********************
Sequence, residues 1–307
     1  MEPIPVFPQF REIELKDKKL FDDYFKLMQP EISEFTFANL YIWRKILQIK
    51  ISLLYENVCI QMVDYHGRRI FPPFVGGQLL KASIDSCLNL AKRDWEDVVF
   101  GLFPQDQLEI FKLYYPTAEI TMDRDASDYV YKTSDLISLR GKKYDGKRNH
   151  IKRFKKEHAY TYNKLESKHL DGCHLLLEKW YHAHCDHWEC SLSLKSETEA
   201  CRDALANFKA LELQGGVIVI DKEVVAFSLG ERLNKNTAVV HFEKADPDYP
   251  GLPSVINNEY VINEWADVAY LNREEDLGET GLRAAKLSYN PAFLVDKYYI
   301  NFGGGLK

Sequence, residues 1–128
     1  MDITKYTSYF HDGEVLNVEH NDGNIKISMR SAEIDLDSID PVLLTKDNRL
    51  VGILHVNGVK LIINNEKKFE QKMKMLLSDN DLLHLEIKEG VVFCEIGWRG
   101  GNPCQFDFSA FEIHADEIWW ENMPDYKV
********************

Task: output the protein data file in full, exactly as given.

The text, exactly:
Sequence, residues 1–307
     1  MEPIPVFPQF REIELKDKKL FDDYFKLMQP EISEFTFANL YIWRKILQIK
    51  ISLLYENVCI QMVDYHGRRI FPPFVGGQLL KASIDSCLNL AKRDWEDVVF
   101  GLFPQDQLEI FKLYYPTAEI TMDRDASDYV YKTSDLISLR GKKYDGKRNH
   151  IKRFKKEHAY TYNKLESKHL DGCHLLLEKW YHAHCDHWEC SLSLKSETEA
   201  CRDALANFKA LELQGGVIVI DKEVVAFSLG ERLNKNTAVV HFEKADPDYP
   251  GLPSVINNEY VINEWADVAY LNREEDLGET GLRAAKLSYN PAFLVDKYYI
   301  NFGGGLK

Sequence, residues 1–128
     1  MDITKYTSYF HDGEVLNVEH NDGNIKISMR SAEIDLDSID PVLLTKDNRL
    51  VGILHVNGVK LIINNEKKFE QKMKMLLSDN DLLHLEIKEG VVFCEIGWRG
   101  GNPCQFDFSA FEIHADEIWW ENMPDYKV